Tracheal collapse is most common in toy and miniature breeds of dogs and rare in cats. The aetiology is unknown. Affected animals have a non-productive, honking, chronic cough, and inspiratory or expiratory dyspnea. Frequently they are obese and may have concurrent cardiovascular or other pulmonary disease (especially chronic bronchitis). Weight loss (if obese) is critical in management. Other measures include exercise restriction, reduction of excitement and stress, and medical therapy, eg, antitussives, antibiotics, bronchodilators, and corticosteroids. 

What is tracheal collapse?
Tracheal collapse is a common cause of airway obstruction in dogs. The trachea, or “windpipe,” is a tube made up of sturdy rings of cartilage through which air is transported to and from the lungs. Sometimes, however, the tracheal rings begin to collapse, and as air is squeezed through, a characteristic honking cough results.

Why tracheal collapse occurs is unknown, although a congenital abnormality, in which the cartilage of the tracheal rings is less cellular and therefore weaker than normal, is suspected.

What are the signs of tracheal collapse?

In addition to a honking cough, other signs that may be seen include exercise intolerance, laboured breathing and a bluish tinge to the gums. The cough and other signs may be provoked by excitement, eating, drinking, tracheal irritants (smoke or dust), obesity, exercise and hot and humid weather.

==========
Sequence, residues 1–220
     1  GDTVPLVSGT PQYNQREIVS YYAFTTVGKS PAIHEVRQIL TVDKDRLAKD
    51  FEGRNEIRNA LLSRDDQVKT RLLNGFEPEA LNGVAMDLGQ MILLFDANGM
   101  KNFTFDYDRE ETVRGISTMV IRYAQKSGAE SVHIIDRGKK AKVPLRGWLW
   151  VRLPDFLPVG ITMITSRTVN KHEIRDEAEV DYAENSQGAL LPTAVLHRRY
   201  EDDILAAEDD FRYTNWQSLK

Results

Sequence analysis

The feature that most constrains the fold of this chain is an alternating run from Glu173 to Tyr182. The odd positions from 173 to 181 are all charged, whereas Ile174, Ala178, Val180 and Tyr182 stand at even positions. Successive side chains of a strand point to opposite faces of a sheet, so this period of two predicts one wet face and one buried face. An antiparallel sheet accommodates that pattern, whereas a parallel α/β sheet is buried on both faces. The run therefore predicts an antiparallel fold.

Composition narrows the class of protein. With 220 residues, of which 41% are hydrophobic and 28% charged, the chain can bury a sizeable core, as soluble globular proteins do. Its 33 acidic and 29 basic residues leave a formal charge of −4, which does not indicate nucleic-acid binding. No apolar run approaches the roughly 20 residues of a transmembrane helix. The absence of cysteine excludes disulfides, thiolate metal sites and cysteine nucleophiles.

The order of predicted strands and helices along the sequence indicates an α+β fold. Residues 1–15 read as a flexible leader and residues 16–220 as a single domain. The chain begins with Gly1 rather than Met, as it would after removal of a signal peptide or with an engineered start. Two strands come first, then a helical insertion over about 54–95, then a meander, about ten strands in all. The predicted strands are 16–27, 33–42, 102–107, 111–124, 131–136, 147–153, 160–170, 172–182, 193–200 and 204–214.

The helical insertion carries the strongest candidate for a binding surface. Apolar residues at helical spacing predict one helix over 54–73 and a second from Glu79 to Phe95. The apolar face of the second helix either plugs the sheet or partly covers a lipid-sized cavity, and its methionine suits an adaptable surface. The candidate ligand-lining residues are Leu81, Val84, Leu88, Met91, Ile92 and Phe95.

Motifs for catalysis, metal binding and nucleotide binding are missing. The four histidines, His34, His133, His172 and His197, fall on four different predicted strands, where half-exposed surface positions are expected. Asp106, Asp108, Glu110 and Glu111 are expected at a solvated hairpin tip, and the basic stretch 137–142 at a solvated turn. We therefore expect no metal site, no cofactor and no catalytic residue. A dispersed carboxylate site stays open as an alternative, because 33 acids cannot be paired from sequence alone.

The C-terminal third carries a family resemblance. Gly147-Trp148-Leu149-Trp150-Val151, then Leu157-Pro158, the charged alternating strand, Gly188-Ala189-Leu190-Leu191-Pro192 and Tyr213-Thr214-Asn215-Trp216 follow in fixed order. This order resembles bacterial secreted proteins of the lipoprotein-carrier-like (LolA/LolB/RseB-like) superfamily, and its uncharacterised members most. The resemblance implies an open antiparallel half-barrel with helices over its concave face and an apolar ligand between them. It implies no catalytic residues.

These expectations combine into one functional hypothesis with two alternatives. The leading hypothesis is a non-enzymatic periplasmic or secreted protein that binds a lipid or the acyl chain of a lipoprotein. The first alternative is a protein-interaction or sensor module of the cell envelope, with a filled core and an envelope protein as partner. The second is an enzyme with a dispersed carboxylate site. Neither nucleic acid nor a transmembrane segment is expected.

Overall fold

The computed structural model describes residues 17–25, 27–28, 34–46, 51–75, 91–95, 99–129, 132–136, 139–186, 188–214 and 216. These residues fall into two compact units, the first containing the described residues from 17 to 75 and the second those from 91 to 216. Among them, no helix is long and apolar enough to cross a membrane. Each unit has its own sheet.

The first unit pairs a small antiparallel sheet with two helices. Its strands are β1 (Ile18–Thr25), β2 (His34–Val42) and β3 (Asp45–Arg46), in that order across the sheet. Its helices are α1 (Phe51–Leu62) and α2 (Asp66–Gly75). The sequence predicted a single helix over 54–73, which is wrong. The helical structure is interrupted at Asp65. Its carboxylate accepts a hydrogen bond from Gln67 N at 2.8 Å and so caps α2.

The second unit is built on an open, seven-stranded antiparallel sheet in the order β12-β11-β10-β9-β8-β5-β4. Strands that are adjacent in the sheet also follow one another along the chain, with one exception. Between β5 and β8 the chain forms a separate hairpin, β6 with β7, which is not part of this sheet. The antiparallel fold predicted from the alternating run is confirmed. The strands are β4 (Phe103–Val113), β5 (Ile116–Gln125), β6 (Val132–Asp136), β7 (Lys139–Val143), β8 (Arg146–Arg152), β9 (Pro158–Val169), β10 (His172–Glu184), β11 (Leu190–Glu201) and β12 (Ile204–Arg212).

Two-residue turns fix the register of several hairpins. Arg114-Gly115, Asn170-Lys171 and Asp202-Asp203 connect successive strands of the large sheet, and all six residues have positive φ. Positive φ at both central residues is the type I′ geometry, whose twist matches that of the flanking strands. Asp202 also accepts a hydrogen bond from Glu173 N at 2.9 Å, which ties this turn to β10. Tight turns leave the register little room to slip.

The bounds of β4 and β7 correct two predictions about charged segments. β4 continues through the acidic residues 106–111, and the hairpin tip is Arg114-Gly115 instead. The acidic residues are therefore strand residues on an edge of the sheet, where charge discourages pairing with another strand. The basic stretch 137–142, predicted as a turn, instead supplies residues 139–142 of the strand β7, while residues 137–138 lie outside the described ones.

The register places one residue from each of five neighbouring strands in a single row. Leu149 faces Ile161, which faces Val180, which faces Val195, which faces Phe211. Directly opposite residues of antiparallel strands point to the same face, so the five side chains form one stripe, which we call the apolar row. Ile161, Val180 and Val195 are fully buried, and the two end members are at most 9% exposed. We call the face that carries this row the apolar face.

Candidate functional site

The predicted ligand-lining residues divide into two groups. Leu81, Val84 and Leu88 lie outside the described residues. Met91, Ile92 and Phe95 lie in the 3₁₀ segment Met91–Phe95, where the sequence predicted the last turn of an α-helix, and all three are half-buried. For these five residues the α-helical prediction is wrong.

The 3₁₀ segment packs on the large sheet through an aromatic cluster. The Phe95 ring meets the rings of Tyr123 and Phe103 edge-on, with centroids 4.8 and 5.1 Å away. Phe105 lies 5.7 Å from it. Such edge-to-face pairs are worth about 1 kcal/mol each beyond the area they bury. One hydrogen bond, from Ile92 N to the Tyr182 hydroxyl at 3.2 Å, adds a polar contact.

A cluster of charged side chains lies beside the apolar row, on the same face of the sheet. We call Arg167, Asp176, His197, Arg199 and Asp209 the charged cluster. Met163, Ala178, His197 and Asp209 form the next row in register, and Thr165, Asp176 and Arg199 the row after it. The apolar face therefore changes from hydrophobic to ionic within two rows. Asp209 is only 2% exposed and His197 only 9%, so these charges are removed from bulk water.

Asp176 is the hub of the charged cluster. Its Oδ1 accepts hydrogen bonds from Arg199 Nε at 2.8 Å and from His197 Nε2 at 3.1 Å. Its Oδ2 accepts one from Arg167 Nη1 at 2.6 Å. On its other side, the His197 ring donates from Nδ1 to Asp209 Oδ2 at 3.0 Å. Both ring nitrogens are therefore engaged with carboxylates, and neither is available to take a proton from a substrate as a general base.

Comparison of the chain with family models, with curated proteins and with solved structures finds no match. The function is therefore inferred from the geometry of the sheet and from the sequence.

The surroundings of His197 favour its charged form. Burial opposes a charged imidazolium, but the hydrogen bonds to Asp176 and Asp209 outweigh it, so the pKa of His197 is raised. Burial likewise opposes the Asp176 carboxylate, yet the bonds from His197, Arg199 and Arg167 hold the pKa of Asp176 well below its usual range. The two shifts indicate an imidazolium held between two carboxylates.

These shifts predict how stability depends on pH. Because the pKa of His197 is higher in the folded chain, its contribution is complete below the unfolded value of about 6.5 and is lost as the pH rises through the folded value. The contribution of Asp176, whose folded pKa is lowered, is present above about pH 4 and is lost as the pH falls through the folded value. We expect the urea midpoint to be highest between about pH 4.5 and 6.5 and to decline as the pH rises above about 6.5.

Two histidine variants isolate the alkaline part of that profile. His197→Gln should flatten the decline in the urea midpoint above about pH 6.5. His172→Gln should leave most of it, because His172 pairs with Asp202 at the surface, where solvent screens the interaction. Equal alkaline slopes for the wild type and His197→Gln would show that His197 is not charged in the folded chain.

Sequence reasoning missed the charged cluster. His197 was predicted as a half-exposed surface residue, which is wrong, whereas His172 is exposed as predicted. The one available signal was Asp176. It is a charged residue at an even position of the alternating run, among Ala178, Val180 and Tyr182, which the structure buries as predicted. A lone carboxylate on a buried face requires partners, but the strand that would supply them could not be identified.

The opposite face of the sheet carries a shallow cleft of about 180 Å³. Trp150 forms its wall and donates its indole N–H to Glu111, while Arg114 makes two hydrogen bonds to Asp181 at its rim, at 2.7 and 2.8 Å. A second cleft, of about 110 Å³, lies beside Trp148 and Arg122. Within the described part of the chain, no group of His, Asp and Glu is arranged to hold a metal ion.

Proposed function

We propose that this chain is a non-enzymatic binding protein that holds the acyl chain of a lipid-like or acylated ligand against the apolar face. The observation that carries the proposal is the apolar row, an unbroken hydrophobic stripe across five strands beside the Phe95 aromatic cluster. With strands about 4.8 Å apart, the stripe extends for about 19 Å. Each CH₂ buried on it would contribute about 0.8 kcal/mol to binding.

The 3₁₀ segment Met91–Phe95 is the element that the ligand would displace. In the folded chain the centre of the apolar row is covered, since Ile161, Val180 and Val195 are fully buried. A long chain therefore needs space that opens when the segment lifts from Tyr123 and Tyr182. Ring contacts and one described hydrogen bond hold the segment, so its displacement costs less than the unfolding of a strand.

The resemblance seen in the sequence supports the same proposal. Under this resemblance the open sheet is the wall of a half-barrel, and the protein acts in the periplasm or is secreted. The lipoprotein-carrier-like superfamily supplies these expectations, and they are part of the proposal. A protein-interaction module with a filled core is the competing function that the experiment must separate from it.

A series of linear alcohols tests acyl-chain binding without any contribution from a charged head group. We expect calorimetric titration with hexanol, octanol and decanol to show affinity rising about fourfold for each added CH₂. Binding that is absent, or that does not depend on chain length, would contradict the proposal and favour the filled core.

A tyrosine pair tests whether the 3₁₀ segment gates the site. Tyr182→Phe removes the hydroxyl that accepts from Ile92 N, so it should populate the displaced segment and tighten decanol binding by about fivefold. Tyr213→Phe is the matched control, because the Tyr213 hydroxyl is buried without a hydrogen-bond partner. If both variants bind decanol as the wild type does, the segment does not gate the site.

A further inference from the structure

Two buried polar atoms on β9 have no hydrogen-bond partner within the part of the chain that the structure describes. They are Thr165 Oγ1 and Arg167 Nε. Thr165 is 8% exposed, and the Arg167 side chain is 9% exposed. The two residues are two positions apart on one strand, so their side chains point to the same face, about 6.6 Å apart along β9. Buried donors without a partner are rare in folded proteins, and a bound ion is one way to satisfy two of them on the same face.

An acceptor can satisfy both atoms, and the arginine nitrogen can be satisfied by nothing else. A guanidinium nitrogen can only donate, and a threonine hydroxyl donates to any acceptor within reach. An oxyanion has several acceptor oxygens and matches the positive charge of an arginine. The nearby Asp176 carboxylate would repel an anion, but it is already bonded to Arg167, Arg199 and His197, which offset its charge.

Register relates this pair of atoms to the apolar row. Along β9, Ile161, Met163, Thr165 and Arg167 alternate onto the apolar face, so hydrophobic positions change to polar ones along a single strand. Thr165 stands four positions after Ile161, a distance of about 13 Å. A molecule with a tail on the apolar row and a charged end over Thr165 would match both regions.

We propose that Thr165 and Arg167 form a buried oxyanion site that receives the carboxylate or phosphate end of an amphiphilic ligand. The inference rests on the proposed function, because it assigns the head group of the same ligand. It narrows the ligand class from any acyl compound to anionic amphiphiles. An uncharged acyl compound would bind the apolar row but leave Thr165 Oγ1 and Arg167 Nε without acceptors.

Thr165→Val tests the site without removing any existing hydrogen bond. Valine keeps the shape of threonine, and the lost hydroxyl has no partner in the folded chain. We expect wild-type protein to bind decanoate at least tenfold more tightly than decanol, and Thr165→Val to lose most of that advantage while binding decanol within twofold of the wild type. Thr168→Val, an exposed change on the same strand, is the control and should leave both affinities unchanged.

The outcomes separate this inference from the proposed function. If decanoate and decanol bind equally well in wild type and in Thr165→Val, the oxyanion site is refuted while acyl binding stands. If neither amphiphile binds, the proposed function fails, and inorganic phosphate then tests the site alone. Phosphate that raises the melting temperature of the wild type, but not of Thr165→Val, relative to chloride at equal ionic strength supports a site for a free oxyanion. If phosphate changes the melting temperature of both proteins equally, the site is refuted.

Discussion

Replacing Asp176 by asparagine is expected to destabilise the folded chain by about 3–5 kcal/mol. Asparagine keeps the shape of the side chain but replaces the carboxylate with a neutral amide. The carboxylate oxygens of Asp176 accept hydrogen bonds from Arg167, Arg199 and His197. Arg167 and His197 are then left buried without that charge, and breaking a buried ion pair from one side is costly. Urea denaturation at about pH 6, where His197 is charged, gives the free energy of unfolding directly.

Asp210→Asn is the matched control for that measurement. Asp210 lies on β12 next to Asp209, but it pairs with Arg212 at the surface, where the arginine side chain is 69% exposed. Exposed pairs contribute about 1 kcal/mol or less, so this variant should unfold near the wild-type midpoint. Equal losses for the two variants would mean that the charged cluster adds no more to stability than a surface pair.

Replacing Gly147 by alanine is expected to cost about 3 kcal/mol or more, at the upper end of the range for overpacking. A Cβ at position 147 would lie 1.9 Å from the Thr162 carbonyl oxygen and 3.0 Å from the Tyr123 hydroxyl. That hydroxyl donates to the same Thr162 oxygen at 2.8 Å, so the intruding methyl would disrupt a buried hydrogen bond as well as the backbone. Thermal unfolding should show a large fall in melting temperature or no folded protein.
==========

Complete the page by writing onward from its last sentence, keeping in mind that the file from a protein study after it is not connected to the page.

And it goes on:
What breeds/ages are prone to tracheal collapse?
The condition, which is genetic, primarily affects toy breeds of both sexes, with Yorkies by far the most commonly affected. Collapsing trachea can manifest at any age, though the average age when clinical signs begin to appear is six to seven years.

How is tracheal collapse diagnosed?
A honking cough in a toy-breed dog is highly suggestive of collapsing trachea, but a definitive diagnosis may require additional tests. Radiographs may reveal an obviously collapsed trachea, although not always. Fluoroscopy, which allows visualization of the trachea as the dog inhales and exhales, may be necessary to confirm the diagnosis. Fluoroscopy is available only at universities and referral centres.

How is tracheal collapse treated?
Most cases of tracheal collapse are treated with cough suppressants, bronchodilators, corticosteroids (to control inflammation), and/or antibiotics. In obese patients, weight loss helps decrease respiratory effort. Although treatment is not curative, a study released in 1994 showed that 71 percent of dogs treated medically showed a good long-term response.

If medical management produces no response in two weeks, or if severe signs compromise the pet’s functionality, surgery is recommended. Various surgical techniques have been described, but the application of prosthetic polypropylene rings to the outside of the trachea is the current treatment of choice, with an overall success rate reported to be in the 75- to 85-percent range. In general, the outcome of surgery is poorer for dogs older than six years. It is a tricky, specialized surgery that is best performed by a skilled surgeon, usually at a referral centre.

What else can pet guardians do if their dog has a collapsed trachea?
Whether medical or surgical treatment is chosen, pet owners can help relieve signs by keeping their pet’s weight down (even slightly under is ideal), switching from a collar to a chest harness, and avoiding respiratory irritants.